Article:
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Journal Article


Baker T, Masud H. J. Sch. Health 2010; 80(10): 508-513.


William Maul Measey Professor of Law and Health Sciences, (, University of Pennsylvania Law School, Philadelphia, PA 19104. Law Student, (, University of Pennsylvania Law School, Philadelphia, PA 19104.


(Copyright © 2010, American School Health Association, Publisher John Wiley and Sons)






BACKGROUND: One way to address childhood obesity is to create outlets for children to engage in physical activity. Schools are well equipped to provide an active environment. However, some school boards and administrators are concerned about liability risks. This study describes the legal rules applicable to potential claims against public schools during recreational use of school grounds and facilities. METHODS: Using traditional legal methods including the use of legal databases and treatises, the legal rules from 50 states were surveyed to determine what type of liability schools face when opening their grounds for after-school recreational use. RESULTS: Schools would, at most, be held to a reasonable standard of care, under which a person would be found liable if he did not act prudently in a given set of circumstances. This standard is no more onerous than that applied to most activities in the United States. Schools in many states, including California, also receive the benefit of governmental immunity. Furthermore, 21 states have recreational use statutes, which result in more lenient liability rules for injuries during recreational use of school facilities. CONCLUSIONS: Public schools in most states can be subject to liability in certain cases arising out of recreational use of their facilities. However, schools have important defenses. In combination with empirical research about liability in other contexts, this survey suggests that liability risks are unlikely to justify the denial of recreational access to children who are at risk of obesity.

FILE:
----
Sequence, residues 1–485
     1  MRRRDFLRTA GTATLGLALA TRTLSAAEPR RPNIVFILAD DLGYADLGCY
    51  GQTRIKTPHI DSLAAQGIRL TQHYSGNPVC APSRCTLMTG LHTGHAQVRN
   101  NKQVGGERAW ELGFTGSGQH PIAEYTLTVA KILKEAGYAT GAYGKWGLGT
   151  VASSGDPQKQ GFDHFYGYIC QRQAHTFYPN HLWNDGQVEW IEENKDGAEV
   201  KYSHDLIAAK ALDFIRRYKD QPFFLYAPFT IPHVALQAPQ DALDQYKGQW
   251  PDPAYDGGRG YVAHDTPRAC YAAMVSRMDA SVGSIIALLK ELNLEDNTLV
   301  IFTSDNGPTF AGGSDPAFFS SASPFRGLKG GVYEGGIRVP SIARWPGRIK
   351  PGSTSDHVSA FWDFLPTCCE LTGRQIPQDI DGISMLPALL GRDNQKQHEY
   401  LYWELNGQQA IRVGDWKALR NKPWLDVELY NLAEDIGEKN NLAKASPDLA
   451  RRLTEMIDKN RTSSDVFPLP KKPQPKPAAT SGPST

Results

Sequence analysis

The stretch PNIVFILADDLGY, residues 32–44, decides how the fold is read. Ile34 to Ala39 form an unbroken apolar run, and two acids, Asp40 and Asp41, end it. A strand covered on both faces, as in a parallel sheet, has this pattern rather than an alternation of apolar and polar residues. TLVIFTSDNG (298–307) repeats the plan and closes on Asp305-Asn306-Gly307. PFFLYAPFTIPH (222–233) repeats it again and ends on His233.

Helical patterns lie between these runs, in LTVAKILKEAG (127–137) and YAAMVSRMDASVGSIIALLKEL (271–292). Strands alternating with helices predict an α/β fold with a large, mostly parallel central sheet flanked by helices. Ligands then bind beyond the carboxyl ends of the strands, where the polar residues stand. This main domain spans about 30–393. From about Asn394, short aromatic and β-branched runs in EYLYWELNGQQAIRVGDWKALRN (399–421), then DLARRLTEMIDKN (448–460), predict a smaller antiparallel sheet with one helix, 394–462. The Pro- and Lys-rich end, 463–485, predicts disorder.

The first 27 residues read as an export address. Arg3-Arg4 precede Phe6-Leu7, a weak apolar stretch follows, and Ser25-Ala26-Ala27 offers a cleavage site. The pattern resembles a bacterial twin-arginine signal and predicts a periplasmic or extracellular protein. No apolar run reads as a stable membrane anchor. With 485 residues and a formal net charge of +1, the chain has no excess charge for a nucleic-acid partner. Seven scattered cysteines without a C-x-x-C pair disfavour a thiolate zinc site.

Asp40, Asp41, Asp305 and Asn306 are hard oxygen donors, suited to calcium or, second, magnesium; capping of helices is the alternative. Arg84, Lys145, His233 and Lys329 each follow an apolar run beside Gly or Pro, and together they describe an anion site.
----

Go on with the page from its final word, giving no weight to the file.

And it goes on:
Language: en


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